By Sadef Ali Kully
A five-point transit legislative plan unveiled last week by Councilman I. Daneek Miller (D-St.Albans) includes targeting illegal operators in the commuter van industry and improving public transportation in the area.
The transit proposal, dubbed “the Five E’s,” wants to equalize commuter rail fares and eliminate two-fare zones; enact the Commuter Van Reform Act; extend express bus service; expand Vision Zero; and ensure proper funding for transit.
Miller, a member of the City Council Committee on Transportation, said in a statement “the Five E’s are a how-to guide for New York to equitably deliver transportation services to communities throughout the city, even in far-flung neighborhoods.”
Miller, the former co-chairman of the MTA Labor Coalition and past president of Amalgamated Transit Union Local 1056, said there is no need to raise tolls on New Yorkers or build billion-dollar new subway lines when existing commuter rail lines, such as the LIRR and Metro-North, are already in place.
“It is vital that we efficiently utilize services and resources that exist within the system, whether it is commuter rails, express bus service, or otherwise,” he said.
But the focus for Miller also included regulating the commuter van industry.
Last month the City Council Committee on Transportation hosted a hearing to examine the state of New York City’s commuter van industry.
Commuter vans are cheap mode of transportation popular in immigrant communities in southeastern Queens neighborhoods, Flushing and parts of Brooklyn where public transportation can be scarce. For $1.50 to $2, van passengers travel from Jamaica’s transit hub to parts of Cambria Heights, Rosedale or the Rockaways.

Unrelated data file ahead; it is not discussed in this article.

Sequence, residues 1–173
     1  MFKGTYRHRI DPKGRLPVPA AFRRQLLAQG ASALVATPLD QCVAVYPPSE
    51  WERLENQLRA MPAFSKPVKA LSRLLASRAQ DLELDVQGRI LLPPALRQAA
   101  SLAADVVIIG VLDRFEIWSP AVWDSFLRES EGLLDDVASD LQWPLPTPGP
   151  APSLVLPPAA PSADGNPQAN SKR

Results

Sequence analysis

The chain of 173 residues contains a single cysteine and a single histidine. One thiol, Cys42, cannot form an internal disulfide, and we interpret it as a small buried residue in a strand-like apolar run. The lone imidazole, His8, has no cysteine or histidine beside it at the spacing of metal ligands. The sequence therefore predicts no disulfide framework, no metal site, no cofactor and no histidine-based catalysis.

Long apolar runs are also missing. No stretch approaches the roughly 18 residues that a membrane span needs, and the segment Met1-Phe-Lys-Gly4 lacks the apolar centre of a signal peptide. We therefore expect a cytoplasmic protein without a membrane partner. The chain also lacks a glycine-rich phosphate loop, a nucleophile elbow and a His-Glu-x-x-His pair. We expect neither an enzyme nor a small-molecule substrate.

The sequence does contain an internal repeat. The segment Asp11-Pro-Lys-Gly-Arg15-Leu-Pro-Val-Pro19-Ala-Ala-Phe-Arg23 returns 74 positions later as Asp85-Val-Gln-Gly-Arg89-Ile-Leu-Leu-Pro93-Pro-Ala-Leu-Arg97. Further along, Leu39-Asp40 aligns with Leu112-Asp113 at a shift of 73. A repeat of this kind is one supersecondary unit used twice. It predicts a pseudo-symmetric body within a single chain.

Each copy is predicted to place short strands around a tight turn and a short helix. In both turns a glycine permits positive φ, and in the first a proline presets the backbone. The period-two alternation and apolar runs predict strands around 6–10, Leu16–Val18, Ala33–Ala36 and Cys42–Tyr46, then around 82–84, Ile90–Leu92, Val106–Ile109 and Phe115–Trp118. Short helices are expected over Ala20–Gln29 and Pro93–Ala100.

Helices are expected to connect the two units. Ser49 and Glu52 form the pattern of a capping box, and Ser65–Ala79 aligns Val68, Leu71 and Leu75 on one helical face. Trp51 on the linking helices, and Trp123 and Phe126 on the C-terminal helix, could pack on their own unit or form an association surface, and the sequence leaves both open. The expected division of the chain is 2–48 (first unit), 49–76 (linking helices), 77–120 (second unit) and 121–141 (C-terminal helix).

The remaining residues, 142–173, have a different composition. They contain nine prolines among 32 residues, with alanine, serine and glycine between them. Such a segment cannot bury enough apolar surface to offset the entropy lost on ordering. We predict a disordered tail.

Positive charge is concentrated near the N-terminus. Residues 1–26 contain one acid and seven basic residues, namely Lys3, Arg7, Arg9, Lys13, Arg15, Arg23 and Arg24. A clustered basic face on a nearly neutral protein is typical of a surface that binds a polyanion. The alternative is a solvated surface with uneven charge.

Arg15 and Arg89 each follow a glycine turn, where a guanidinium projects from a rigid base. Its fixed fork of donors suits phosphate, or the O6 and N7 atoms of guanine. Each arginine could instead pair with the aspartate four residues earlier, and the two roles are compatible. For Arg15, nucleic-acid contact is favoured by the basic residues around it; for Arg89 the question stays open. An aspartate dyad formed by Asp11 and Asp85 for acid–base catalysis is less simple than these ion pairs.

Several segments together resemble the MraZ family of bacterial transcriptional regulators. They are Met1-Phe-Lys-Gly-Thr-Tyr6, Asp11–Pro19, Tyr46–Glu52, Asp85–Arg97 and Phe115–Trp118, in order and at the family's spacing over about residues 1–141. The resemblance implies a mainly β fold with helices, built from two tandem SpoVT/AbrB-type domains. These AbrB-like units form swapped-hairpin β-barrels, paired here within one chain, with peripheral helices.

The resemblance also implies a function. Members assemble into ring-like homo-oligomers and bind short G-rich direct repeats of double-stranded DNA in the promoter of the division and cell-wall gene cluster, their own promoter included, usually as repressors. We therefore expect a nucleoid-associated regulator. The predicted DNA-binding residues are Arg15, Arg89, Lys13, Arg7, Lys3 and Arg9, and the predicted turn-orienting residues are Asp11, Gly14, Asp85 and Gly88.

At the hearing, three pieces of legislation were discussed — Intro 570, Intro 860 and 861 — on commuter van reform.
Intro 570 would repeal a current TLC rule that allows vans to make hails legal, requires drivers to maintain a passenger list and eliminates a requirement for license renewals every six years; Intro 860 would suspend new commuter van licenses pending the completion of a safety study; and Intro 861 would increase the fines for illegally operating a commuter van to $3,000 for a first offense and $4,000 for second and subsequent offenses within two years.
The Council’s Transportation Committee reported that in 2014 there were 289 licensed commuter van drivers and 534 licensed commuter vans among 50 authorized service providers. There is no official city data on how many illegal vans operate across the city.
During the hearing, TLC Commissioner Meera Joshi expressed support for Intros 861 and 570, but expressed reservations on Intro 860. Community Board 12 representatives also spoke in support of regulations, while unions representatives did express support for the reforms but also urged the committee to make amendments.
Reach Reporter Sadef Ali Kully by e-mail at skull